In 2011, Israeli-American real estate investor and philanthropist Adam Milstein spoke to a gathering of Alpha Epsilon Pi (AEPi). After an introduction from his son-in-law, who jokingly called him “the Israeli Donald Trump,” Milstein shared his life lessons for success.
Most of his speech focused on one Talmud verse: Pirkei Avot (Ethics of Fathers) 4:1. In this passage, ancient Jewish scholar Simeon ben Zoma discusses four principles for living well. The guidance Milstein shared to AEPi offers much wisdom both to Jews and non-Jews. They aren’t just words Adam Milstein says; they’re principles validated by a life well lived.
Who Is Wise?
“Who is wise? He who learns from everyone. As is stated, ‘From all my teachers, I have grown wise.’” Simeon ben Zoma
“Never stop learning, no matter how old you are and how successful you are.” Adam Milstein
By the time most people are in their 50s, they assume they’ll have reached some point of arrival in terms of finances, education, career achievements, and family relationships. For Adam Milstein, his 50s were a time to relearn many things he’d forgotten, particularly related to Jewish culture and heritage.
Adam Milstein moved to the United States in 1981 and earned his MBA from the University of Southern California in 1983. He sent his daughters to Jewish day schools, but they attended a secular private high school. One day, he felt shocked to discover they had no interest in marrying Jewish men. In fact, when Adam and his wife, Gila, told them it was important to marry within the Jewish community, the girls answered with one question: “Why?”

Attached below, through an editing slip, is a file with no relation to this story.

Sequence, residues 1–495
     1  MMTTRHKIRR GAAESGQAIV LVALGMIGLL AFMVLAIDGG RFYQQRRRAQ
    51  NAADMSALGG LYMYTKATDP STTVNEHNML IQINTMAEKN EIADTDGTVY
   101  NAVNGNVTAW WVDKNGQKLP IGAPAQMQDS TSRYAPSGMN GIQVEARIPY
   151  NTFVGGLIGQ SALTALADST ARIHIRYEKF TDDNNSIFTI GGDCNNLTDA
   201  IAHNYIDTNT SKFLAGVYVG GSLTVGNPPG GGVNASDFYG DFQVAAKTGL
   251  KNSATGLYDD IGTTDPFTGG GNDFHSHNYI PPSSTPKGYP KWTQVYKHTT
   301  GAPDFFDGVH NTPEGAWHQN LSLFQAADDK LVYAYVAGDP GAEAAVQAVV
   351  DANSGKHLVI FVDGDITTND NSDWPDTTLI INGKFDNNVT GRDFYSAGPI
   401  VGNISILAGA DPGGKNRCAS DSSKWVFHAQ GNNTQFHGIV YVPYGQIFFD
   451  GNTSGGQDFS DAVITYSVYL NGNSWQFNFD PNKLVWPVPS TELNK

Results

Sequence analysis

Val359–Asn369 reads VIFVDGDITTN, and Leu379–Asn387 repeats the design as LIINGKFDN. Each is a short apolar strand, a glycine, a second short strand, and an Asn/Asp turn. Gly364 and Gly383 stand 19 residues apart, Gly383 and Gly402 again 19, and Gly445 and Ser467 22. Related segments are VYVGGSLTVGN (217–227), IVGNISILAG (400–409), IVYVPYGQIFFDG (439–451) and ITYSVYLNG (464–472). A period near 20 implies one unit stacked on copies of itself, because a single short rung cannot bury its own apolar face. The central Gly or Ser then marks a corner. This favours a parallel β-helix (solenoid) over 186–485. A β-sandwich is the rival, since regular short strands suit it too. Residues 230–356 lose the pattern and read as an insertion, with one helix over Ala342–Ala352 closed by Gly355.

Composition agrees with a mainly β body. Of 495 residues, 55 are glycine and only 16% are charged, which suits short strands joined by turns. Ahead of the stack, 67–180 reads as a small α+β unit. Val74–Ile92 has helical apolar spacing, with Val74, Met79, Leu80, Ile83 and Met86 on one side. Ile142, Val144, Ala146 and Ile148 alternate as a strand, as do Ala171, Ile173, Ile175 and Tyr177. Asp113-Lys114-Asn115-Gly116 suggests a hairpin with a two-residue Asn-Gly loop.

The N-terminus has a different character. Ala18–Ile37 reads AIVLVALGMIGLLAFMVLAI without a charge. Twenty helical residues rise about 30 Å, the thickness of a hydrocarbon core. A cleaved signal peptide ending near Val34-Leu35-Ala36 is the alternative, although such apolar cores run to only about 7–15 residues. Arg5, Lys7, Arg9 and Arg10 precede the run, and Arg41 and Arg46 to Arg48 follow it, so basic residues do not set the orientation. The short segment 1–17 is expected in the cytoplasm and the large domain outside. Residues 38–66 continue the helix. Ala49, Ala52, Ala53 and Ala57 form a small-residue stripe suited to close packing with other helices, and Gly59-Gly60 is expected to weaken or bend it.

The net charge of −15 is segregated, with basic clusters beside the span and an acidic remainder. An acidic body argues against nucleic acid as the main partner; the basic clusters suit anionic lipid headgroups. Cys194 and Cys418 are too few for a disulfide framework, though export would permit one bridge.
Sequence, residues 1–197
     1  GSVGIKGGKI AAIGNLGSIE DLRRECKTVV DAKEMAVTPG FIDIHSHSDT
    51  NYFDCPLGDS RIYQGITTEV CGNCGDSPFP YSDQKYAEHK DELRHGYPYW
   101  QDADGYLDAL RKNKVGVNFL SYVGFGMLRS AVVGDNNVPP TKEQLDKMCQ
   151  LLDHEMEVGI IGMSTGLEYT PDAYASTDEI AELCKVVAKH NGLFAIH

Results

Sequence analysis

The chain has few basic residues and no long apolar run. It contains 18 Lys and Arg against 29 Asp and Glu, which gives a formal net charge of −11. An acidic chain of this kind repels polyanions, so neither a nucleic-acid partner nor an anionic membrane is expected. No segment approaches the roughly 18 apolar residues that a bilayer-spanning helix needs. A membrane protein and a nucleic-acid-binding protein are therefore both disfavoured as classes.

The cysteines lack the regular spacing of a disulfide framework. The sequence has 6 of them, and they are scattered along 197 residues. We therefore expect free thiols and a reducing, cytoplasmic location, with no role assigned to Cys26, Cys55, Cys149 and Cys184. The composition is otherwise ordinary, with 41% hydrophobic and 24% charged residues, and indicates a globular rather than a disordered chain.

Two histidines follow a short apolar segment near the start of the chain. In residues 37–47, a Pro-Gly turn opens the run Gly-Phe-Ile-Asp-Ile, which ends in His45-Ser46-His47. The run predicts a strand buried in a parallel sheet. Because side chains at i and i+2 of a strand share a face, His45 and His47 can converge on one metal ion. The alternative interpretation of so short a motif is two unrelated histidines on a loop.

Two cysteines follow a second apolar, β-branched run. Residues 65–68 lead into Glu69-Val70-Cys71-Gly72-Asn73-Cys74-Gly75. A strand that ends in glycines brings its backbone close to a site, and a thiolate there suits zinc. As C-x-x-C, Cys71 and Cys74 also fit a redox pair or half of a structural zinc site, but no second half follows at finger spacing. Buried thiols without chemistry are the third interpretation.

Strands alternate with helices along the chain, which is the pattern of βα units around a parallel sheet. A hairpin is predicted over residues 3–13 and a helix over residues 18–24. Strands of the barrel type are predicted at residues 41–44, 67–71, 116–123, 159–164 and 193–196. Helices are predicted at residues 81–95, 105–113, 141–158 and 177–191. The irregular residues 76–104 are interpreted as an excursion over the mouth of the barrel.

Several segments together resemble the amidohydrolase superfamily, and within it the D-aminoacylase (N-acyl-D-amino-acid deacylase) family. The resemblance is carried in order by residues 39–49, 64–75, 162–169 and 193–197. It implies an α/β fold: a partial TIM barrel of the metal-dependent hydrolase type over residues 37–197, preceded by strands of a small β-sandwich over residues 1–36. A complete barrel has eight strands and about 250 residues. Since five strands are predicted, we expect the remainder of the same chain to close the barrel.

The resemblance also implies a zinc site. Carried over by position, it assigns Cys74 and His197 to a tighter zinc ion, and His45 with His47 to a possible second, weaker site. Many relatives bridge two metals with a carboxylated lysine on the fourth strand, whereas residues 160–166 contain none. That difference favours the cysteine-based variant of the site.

“I didn’t have a good answer for them,” he told Rabbi Gavriel Horan for an Aish.com article. “They pointed out that I myself lived a totally secular life. Why should they do otherwise?”
Milstein decided to re-immerse himself in his Jewish heritage and identity. “At that point, I realized the only way maybe to correct my ignorance and mistake as an Israeli father was get closer to Jewish life,” he explained. He started attending Aish events in Los Angeles, where he and his family live. He sought out a teacher, beginning studies with Aish HaTorah Rabbi Dov Heller.
As he reconnected to his roots, Milstein came to a realization about Israelis living in America. His countrymen were assimilating into American life and completely losing their Jewish identities. “The parents feel they’re Jewish, even though they are completely disconnected from Jewish observance and community,” Milstein said. “Their kids, on the other hand, don’t want to be Israelis or immigrants. They want to assimilate into American culture and get as far away from their ‘foreign’ roots as possible.”
Jewishness ran on autopilot in Israel; everything followed the Jewish calendar, and holidays were celebrated by schools, businesses, and families. American Jews had synagogues and day schools for passing down their culture. Unfortunately, many Israelis, either because they couldn’t afford it or because they preferred to be frugal, chose not to join synagogues and sent their children to public school. Milstein drew on his rekindled love for Jewish heritage to galvanize his fellow Israeli-Americans into a dynamic, connected community.